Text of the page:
Re: Annotations, sets, & servers

> From roscheis@Xingu.Stanford.EDU Mon Oct 16 18:34 PDT 1995
>   >From gramlich@Sun.Com [...]
>   >
>   >But what about the other way around?  Can one annotation set be
>   >broken across multiple servers?  For really large annotation sets
>   >(billions of entries), it might be desirable to split up the
>   >load across many machines; indeed, I can envision some annotation
>   >sets that are geographically dispersed around the world.  (It turns
>   >out that the architecture of my prototype annotation proxy supported
>   >cross machine annotation sets.)
>   >
>   >For example, I might have 26 machines allocated such that they
>   >served up annotations based on the first letter organziation name.
>   >Thus, the annotations for objects on http://www.W3.org/... would
>   >go to machine W (for W3) and the annotations for http://www.Sun.com/
>   >would go to machine S (for Sun).
> Fine. But I would claim that this is the wrong level to think about
> these kinds of issues.  Every annotation server has a database backend
> which basically stores the annotations for each set. (How this is done
> is not part of our job here now.)  You can easily realize your above
> example by simply picking a distributed database for this backend in a
> specific case (or, as mentioned before, use a shared file server
> realization). No problem. The question is whether to move all these
> issues up one conceptual level and consider the concept of a set to be
> distributed.  And here I argued that the additional complexity in
> terms of access control etc. does not warrant this extra step,
> especially since it isn't a good idea anyway to mix up conceptually
> distinct issues.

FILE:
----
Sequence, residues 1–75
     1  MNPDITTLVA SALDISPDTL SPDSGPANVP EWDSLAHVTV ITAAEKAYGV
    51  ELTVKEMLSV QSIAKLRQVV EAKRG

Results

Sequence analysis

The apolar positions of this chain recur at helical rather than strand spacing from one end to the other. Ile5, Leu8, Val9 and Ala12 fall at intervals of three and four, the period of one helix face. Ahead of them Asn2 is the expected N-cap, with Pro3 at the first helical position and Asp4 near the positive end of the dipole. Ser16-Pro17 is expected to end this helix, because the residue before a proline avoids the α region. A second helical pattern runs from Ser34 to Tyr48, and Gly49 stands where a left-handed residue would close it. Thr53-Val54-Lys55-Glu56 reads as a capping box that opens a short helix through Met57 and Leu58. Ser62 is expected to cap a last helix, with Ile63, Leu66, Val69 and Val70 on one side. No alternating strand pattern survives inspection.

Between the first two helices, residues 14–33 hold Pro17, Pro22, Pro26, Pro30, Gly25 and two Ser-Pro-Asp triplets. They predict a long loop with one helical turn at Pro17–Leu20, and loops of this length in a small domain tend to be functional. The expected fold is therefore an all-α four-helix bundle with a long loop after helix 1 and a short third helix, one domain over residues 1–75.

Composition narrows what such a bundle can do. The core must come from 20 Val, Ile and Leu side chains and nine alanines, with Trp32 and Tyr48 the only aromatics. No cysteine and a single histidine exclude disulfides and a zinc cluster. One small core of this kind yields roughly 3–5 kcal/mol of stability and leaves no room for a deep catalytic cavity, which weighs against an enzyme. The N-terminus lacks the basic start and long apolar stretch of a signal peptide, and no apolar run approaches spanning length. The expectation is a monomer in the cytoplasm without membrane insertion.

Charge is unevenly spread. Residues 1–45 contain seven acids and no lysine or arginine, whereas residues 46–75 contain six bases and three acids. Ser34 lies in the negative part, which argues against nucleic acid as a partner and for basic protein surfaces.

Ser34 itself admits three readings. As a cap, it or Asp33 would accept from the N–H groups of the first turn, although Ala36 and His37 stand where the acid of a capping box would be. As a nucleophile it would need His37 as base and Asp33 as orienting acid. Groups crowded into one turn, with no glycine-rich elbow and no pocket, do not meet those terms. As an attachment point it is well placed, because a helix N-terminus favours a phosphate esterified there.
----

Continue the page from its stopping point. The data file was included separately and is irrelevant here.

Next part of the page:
> Another way to put this is that annotation hot spots will happen, but
> solutions to it are orthogonal to the protocol. There should be a
> general solution to this problem, and the same solutions which are
> used for document hot spots should then be applied towards annotation
> hot spots. (And, as you pointed out before, the basic constraint is
> that architecture should not make things worse than they are.)

As long as the annotation sets are relatively small and you can
build a single server that can meet all requests, I agree with
the premise of not exposing the structure of annotation sets.
This is good programming 101, `expose the interface, not the
underlying structure.'

My concern is truly large annotation sets (billions of entries).
It will be almost impossible to build a single server that serve
up such a large annotation set with millions of simultaneous users.
eWhen we attack that particular scalability problem, there may be
good reason to expose some of the underlying structure in order to
improve scalability.

Until we attack the humungous annotations set problem, it is
perfectly reasonable to say at the higher conceptual level.